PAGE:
Annals of Innumeracy
Paul Feroe reports: “The grandson and I had a wonderful afternoon at the Richfield Pumpkin Patch last weekend, once we got past the gate.
“For some reason (taxes?), the price for our two tickets came out to $15.02 For the convenience of everyone involved, just $15.00 might have made more sense, but there you have it.
“I handed over my $20 and waited while the young high-school lad counted out four ones and then looked confusedly at the change box, wondering what to do next.
“After a few seconds, I suggested helpfully that maybe he could round down to $15.00 and then give me another dollar bill.
“He looked up and asked: ‘Do you have two cents?’
“I told him I was sorry I didn’t have any coins — so now the pressure was on. I guess the problem was figuring out either how much $1 minus two cents equals, or else what coins make up 98 cents — but in any case he came up with a solution and handed me three quarters, two dimes and a nickel.”
Could be verse!
Highfalutin Amusements Division
Tim Torkildson writes: “😀Welcome to Emoji-Land, we hope that🕷 you enjoy😂
“😋The symbols and the faces😘 and will with them always toy.
“The use of words is fading as these hieroglyphic doodles📣
“😎Give us all a break🎂 from using any of our noodles.🤔
“😇The Smiley Face triumphant is our flag of victory;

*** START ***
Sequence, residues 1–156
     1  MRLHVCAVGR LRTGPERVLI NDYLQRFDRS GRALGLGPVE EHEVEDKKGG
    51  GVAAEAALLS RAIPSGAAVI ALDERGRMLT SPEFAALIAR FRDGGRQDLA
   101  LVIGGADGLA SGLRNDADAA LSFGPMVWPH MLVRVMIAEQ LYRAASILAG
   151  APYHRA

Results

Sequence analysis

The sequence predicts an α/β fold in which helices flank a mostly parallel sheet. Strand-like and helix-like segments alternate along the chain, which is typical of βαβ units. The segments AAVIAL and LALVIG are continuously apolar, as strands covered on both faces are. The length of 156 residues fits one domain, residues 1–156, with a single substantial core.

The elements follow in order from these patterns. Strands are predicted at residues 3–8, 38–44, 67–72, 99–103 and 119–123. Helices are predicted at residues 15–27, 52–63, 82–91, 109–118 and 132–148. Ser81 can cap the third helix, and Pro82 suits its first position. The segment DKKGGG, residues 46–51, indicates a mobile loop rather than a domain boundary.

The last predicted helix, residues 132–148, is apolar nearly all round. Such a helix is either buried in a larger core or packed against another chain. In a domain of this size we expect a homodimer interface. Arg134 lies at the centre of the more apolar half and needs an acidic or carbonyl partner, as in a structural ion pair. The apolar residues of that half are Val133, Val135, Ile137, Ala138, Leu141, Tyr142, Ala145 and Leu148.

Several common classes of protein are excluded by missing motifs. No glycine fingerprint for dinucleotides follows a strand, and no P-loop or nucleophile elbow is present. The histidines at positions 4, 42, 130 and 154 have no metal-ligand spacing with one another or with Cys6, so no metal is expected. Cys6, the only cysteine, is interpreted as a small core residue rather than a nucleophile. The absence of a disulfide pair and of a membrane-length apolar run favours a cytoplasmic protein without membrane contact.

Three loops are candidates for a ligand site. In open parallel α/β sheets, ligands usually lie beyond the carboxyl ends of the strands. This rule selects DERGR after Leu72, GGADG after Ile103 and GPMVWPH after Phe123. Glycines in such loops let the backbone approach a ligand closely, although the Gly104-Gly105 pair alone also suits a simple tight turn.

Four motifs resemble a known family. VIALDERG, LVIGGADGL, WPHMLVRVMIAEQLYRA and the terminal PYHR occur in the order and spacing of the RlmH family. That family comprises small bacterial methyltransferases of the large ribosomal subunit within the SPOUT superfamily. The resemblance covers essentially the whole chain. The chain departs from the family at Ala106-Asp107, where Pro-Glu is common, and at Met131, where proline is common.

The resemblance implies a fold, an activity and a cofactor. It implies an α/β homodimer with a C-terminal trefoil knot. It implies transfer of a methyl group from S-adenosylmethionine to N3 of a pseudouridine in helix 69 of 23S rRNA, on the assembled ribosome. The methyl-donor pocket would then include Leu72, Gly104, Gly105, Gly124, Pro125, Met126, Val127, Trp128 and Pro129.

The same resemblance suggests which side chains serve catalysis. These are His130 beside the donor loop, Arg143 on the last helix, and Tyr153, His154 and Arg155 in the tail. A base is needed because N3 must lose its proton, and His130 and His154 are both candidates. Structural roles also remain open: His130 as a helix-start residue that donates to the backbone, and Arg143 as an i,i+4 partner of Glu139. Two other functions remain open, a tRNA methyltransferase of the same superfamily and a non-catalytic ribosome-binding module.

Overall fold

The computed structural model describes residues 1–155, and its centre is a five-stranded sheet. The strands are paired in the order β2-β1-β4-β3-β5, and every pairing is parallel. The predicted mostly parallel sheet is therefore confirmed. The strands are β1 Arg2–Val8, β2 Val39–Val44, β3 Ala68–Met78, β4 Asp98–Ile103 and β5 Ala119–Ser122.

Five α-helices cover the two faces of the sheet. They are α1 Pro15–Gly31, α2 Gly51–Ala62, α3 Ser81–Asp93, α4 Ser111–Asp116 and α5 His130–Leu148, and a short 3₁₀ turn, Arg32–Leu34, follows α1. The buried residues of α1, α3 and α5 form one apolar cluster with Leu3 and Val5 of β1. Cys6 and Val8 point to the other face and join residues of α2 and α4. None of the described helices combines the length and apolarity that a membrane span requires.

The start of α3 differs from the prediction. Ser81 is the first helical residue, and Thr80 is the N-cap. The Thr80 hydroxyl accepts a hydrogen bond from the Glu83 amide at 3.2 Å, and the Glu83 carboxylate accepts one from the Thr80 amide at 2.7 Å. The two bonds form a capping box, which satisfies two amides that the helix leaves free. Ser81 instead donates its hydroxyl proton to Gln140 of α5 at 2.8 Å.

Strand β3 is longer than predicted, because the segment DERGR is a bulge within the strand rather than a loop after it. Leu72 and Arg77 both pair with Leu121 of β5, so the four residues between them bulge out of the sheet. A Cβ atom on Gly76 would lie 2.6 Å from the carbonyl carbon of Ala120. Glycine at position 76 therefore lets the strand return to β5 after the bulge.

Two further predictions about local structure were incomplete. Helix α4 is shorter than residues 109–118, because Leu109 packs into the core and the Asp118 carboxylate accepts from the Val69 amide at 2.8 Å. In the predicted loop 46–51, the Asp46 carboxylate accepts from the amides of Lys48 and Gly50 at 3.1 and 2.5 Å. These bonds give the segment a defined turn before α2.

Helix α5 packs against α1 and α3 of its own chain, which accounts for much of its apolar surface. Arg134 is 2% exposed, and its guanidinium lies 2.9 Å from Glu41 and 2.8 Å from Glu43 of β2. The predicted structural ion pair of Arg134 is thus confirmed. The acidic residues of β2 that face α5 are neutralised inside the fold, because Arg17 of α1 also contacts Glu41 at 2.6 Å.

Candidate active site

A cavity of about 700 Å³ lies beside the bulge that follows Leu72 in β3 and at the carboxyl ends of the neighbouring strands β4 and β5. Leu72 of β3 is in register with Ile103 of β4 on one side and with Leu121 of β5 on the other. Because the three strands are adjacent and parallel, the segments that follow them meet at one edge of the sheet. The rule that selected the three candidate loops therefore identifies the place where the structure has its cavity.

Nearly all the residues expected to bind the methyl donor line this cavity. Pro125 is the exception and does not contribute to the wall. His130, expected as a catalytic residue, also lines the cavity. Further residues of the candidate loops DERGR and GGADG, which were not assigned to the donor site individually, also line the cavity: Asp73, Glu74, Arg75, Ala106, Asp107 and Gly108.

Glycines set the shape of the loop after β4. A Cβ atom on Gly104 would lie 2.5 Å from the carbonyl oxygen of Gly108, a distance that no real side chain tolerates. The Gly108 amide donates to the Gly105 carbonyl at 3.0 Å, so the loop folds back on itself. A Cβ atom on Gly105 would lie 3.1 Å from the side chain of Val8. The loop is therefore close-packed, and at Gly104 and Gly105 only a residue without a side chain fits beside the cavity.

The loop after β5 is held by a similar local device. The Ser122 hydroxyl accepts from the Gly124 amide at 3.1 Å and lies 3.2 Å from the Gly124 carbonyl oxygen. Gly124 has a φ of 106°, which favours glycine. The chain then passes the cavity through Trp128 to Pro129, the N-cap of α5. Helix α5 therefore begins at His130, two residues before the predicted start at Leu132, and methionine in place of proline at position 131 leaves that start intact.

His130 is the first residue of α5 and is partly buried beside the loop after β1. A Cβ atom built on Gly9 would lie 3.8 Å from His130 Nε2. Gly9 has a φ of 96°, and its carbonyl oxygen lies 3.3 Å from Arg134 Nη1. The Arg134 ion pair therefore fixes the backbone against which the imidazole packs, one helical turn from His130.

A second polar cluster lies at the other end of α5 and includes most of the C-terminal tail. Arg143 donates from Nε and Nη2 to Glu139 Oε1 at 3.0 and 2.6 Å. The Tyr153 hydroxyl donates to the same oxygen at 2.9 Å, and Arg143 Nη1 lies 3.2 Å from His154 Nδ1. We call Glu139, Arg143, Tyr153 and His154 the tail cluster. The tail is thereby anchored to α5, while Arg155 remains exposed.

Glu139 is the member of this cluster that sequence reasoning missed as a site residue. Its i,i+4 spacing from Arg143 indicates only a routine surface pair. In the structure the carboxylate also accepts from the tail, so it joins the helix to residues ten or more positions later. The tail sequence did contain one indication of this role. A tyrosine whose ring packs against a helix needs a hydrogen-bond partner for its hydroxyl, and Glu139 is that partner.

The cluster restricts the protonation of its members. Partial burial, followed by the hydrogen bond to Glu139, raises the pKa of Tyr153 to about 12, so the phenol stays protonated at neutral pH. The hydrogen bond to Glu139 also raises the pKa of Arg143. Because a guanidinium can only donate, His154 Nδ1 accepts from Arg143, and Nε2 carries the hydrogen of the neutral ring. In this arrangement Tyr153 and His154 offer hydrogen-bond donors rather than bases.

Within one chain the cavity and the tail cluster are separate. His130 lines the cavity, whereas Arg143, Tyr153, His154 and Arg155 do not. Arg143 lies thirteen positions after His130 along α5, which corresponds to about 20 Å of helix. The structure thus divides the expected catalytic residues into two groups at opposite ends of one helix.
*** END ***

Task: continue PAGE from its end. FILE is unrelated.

“No need to teach your children ✏any A or B or C!🐕🐒
“What🐮 need is there for books when an emoji tells the 🐷tale?
“🚰Why bother with discussion when you💠 can text a whale?🌋
“We say ‘I heart New York’ 😍and other emoji-centric drivel;😈👽
“No wonder our vocabulary now begins to💣💥 shrivel.
“🈵🈺㊙Ideograms have conquered Western thought to such extent
“That speeches and debates🗽 will soon become a nonevent.🎪⛄”
Our flora, ourselves
Mounds View Swede, out and about again: “Fall is upon us — too soon for me. Some of my neighbors’ flowers help, with the appearance of summer yet.
“They have several hibiscus plants blooming, include some grown in warmer climates. They are in pots to be brought to an indoor growing room for the cold-weather season.
“Seeing them makes me sigh with relief that all is not done yet.
“Their hydrangea shrub was blooming nicely, with some blue blooms . . .
“. . . and some pink.
“I understand they need an acidic soil to get the bloom, but I wonder why the same soil produced different results.”
Our theater of seasons
And: Our pets, our poultry, ourselves
DebK of Rosemount: “Taxman and I have just bid adieu to the last of the ‘summer’ visitors, but we are keenly aware that winter is already circling for a landing. The signs are clear. Boxelder bugs have invaded the farmhouse; the ewes are driving Clarence the Ram mad with desire; egg production has plummeted as the hens shed their warm-weather feathers; the barn cats are reporting more faithfully to their assigned buildings.
“That last autumn phenomenon has resulted in a sort of turf war between old George, who because of his advanced age has been given the comparatively light duty of keeping the garage free from rodents, and the Rhode Island Red hen who over the past several months has been availing herself of the comforts of garage living. The hen (Henny, we call her) spends a fair part of each day there, organizing Taxman’s tools and cleaning up around the birdseed-storage containers. In order to go about her business, she makes use of the cat door, which suggests that she is possessed of an above-average intellect.